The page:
By Melissa Belli, MD
As mothers prepare for delivery a lot of energy is focused on being ready for labor, from Lamaze to, prenatal yoga, self-hypnosis to doulas, hospital tours to birth plans. Often thinking about what comes after delivery seems overwhelming and clouded by the unknown. But once the delivery comes and goes the new mother arrives at a place that seems quite unmapped. She arrives home with the baby and the long hours of infant care begin. The fourth trimester requires a lot from parents. Establishing breastfeeding can be daunting and having a breastfeeding plan may turn out to be even more important than a birth plan. A few recommendations:
1. Breastfeeding can be a lot harder than it looks, it takes weeks or months to get it under control, it is roller-coaster, with big dips and great highs, be patient, do not despair. A little preparation can go a long away in getting you through the rough spots. And planning to get support essential.
2. Start going to a La Leche League (LLL) or other lactation support group before you deliver, it will hook you up to the group and you will be more likely to want to go afterwards if it is not something completely new to you. You can often get more help in these groups than from lactation consultants and it is free.
3. Have the phone numbers of the lactation support leaders in your phone contacts; you may need it and won’t have much time to look them up when you have an emergency.
4. Get and read the LLL book; The womanly art of breast feeding before you deliver. If you can’t have it as a reference, there is a good trouble shooting section. This book is great because it does not have an agenda and does not claim to have the solution to all your problems. It is one of the best resources available on breastfeeding and a great contribution to humanity.
5. If you can afford it, have a postpartum doula or lactation consultant lined up to come to your house during the first three days after going home. Hospitals can set you up, LLL leaders can also recommend specific people in your area, The Pump Station in Los Angeles, has consultants that you can schedule appointments with. The Sanctuary in Mar Vista is another good resource. Arrange to see a breastfeeding support person soon after your delivery. If you have experienced breastfeeding friends, book them for a few visits during the first few days.
6. Protect your nipples. Most lactation consultants and most of the literature say that properly positioned breastfeeding does not hurt. I am not so sure about that, pain thresholds vary a lot among people and there are plenty of moms out there that say the first weeks can be at least uncomfortable. A little TLC to your nipples can prevent some problems.
Applying nipple balm frequently in the beginning can prevent and treat irritation due to the vigorous work out your nipples will be getting, it provides a little lubrication. In my experience, giving the baby one breast per feed and alternating breasts between one feed and the next allows your other nipple to recover a bit before the next suckling. Lansinoh or Motherlove (vegetarian) are good nipple ointments, apply them multiple times a day, they are natural and the baby can eat them.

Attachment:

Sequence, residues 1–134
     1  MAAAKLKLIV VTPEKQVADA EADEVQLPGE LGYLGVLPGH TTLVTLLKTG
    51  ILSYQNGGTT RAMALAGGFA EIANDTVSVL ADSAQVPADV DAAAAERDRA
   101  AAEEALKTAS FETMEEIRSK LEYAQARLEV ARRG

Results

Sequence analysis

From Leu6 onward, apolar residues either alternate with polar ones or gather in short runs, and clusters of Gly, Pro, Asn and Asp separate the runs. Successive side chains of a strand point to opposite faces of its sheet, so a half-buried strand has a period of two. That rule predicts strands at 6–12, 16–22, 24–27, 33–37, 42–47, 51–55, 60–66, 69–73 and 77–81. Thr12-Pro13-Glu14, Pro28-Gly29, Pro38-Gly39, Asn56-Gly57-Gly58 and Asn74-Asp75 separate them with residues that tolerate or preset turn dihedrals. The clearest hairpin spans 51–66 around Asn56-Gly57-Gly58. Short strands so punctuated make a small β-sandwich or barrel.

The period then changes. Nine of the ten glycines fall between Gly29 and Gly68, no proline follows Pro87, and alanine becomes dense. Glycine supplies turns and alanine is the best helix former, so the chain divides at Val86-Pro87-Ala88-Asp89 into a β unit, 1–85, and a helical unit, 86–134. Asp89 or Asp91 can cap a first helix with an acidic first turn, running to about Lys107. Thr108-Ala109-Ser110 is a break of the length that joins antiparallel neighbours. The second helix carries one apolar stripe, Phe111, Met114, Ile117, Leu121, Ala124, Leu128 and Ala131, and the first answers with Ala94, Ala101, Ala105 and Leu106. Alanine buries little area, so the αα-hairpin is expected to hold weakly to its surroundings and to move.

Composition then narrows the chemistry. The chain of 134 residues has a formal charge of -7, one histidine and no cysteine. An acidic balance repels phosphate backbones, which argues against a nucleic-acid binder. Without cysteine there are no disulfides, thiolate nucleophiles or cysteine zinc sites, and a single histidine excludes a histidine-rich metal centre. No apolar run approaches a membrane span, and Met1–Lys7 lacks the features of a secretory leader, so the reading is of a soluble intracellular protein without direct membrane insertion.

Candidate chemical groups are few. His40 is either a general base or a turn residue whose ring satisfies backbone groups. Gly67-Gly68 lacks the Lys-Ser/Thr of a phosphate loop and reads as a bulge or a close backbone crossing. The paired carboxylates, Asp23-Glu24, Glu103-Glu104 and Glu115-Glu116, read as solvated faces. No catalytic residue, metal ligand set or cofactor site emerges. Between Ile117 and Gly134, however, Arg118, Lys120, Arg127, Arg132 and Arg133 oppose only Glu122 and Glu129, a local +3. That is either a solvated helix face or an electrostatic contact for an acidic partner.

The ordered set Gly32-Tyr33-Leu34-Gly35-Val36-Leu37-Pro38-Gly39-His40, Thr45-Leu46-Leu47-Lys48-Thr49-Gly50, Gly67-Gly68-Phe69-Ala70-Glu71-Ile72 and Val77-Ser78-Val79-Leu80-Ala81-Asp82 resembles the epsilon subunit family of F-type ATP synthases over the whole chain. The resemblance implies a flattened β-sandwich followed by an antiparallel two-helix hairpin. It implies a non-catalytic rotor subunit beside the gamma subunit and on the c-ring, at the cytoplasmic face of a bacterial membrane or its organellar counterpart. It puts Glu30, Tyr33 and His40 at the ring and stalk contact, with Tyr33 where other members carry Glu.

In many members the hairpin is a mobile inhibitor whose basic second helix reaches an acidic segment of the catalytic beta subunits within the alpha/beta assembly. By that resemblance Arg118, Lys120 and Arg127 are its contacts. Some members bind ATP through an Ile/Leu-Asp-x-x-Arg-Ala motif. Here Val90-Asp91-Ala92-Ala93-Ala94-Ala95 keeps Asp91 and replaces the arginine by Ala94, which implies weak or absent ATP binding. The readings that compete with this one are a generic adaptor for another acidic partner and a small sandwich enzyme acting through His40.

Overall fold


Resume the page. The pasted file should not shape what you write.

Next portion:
Cool off the nipples with nursing gel pads, they truly provide “cool, soothing relief from nipple pain and trauma”. I started using them ASAP in the hospital on the recommendation of a three time mom, I was very thankful. Use them even before you have pain or sore nipples, prevention is key here.
7. Have a baby breast feeding station, a glider chair was a must for me, if not available find other such comfy seat that allows you to prop your feet up and has arm rests that give your arms support. You will be holding the baby for very long periods of time and your back and arms will need all the help they can get. Have plenty of pillows and small cushions to help you get comfortable in other places. Get the breastfeeding doughnut pillow, the soft simple ones are quite comfortable.
Have a table next to the breastfeeding station with a large water receptacle to drink, a box of tissues, baby nail clippers, your phone and some books and snacks. You will find yourself dying of thirst, hungry, with sleep baby on top and will be thankful to just be able reach out for water, food, phone or books. Babies’ nails grow about a 1 mm a day, you will have to cut them often and commonly while they are sleeping on top of you.
8. It may be wise to have a breast pump, if an electric one is not available at least have a manual breast pump available in case you need to pump a bit. If a nipple gets really sore, cracked, or you get a clogged duct, feeding may hurt quite a bit, a pump can help relieve pressure and give your nipples a little break.
Whatever challenges you encounter just remember this is one of the toughest jobs out there, is not easy, don’t hesitate to ask for all the help you can get. The best of luck!
Dr. Melissa Belli is a board Certified Integrative Physician t the Akasha Center for Integrative medicine.
She offers 15-minute complimentary phone consultations.
Please call 310.451.8880 to schedule your consultation. For more information about Dr. Belli’s practice: